By Cecily Asson (T&T Mirror)
EIGHT-TIME Road March/six-time International Soca Monarch champ SuperBlue (Austin Lyons), who has reportedly fallen on hard times, has refused to deny or confirm among many fast-flying rumours making the rounds that he is cleaning toilets for $3 and washing cars for $10 in St. James in order to survive!
Instead, in a face-to-face interview with TnT Mirror on Wednesday afternoon, SuperBlue said he preferred to let his detractors talk, while he quietly works hard in the background at re-igniting a career that once had his name on the lips of all soca-loving people of the Caribbean.
The lyrical bard, a definite shadow of his former self but still with a warrior spirit that leapfrogged him to the top of his game did, however, admit to Mirror that he has problems, none of which he wanted to publicly identify. He openly admitted: “I need all the help I can get.”
SuperBlue said he was aware of the buzz in town, all because of the absence of his high-energy glitzy performances from the soca stage for the past few years.
For thousands of SuperBlue fans, after all the glitz and glamour, the money, the cars and all the other trappings associated with success, it’s the general feeling that the mega soca star has hit an all-time low.
He has been labelled as “a St. James hustler”.
The allegation was publicly made last week, by his former lover and mother of one of his many children (Fay-Ann Lyons), Lynette Steele.
Steele, in a Sunday Mirror exclusive last week and in radio pronouncements, alluded to his demise by referring to his successes and questioning the disappearance of his money.
A reluctant SuperBlue, when told of what was being said about him, responded: “I will let them talk. People are saying all kinds of things; I hear I washing toilet for $3, I hear I washing cars ...
“I have problems, but I’m taking them one day at a time.”
Although completely off the charts, SuperBlue has still managed to command the respect of quite a few in the entertainment industry.
Many have expressed concern about him, and there has been a clarion call for someone to take him out his dilemma.
Mirror finally caught up with SuperBlue outside Smokey and Bunty, Western Main Road, St. James, but not before futile attempts had been made to talk with him at a St. James flat, where he reportedly shares a room with some friends, and at several of his other favourite liming spots.
Mirror also learnt that Blues no longer shared a house with wife, Karen Lyons, and that the woman who he married a few years ago, and from whom he has been estranged “for some time now”, lived not too far from where he rests his head at nights.
When spotted, he had just alighted from a taxi, and had gone straight into a casino to try his luck with the machines.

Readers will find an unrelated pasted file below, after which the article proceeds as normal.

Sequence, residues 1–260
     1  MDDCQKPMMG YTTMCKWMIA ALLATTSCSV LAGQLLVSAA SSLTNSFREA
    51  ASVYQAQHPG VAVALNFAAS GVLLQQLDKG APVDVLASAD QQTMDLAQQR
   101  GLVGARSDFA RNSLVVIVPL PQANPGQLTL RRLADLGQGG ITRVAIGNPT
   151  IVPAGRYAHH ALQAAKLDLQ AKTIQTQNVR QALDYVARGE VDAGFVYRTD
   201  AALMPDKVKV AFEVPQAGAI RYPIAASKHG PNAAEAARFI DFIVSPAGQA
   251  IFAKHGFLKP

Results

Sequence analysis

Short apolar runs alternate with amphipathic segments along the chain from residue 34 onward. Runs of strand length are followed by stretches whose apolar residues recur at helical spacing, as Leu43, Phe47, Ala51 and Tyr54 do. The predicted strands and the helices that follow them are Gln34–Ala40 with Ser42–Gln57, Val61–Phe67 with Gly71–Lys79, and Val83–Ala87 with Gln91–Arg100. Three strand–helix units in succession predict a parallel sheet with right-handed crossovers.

It caused one of the regulars liming outside the St. James bar to remark: “Look at him now; he no longer owns a car.
“He’s a man who won so many cars; he once owned a Lexus, he owned a record store in Miami, lived a luxurious life ...
“His music was played in the movie, Side Street.”
The former King of Soca was putting in tokens in the slot machine when Mirror approached him for an interview.
He agreed to the interview, but not before collecting his drink from the bar.
It was then over to Smokey and Bunty, where he joined long-standing friend, Sydney Nanton who, only minutes before, pledged any kind of support to see his all-time favourite artiste “rise from the ashes”.
Dressed in light blue plaid shirt and unusual black pants, blue surf sandals, a pair of sun shades pulled over his head, but minus his trademark blue head tie, a forlorn SuperBlue apologised for wearing black.
“It’s not like me ...,” he mumbled.
“Look, I don’t even have on my head tie.”
SuperBlue mumbled a lot, some words were audible ... some were not.
He spoke of the dizzying heights to which the music took him; he also spoke of the power of it.
“Even my mother worried about what the music did to me,” he smiled, as he lovingly remembered the woman who gave him life.
He remembered the many opportunities the music had given to him.
“The places I travelled, the people I met, and life has been good to me ...,” he commented with a far away look.
SuperBlue is confident that the time will come when he will do it again.
“When you are on top, there are people waiting to pull you down,” he groaned.
When asked why has there not been any recorded work from him for the past three years, he begged: “I’m working quietly; let there be an element of surprise.”
Asked about his family life, he quickly jumped off his chair saying: “Nah, nah, I’m not going there.”
Mirror contacted wife, Karen, at her St. James home.
Mrs. Lyons snapped: “I have absolutely nothing to say.
“I am on my way out the door.”
Meantime, friend Nanton strongly defended SuperBlue: “He’s not as bad as people think.
“Many of his friends here know he needs help in many ways. I can tell you, he doesn’t have to ask for anything.
“People willingly give to him. Even if he asks, he ends up getting more than he asked for.”
Another unidentified bar patron chipped in: “If he asks for one cigarette, he gets a pack; we buy drinks for him.”
The talented Point Fortin artiste, whose professional career kicked off in the 1980s, is the one reputed to have changed the face of soca music in TnT with his infectious rhythms and sweet hooklines.
He was also the author of “jump and wave”, which many artistes have now adopted.
SuperBlue told Mirror he now produces The SuperBlue Road Show every Friday night at Caribbean Corner, a St. James restaurant.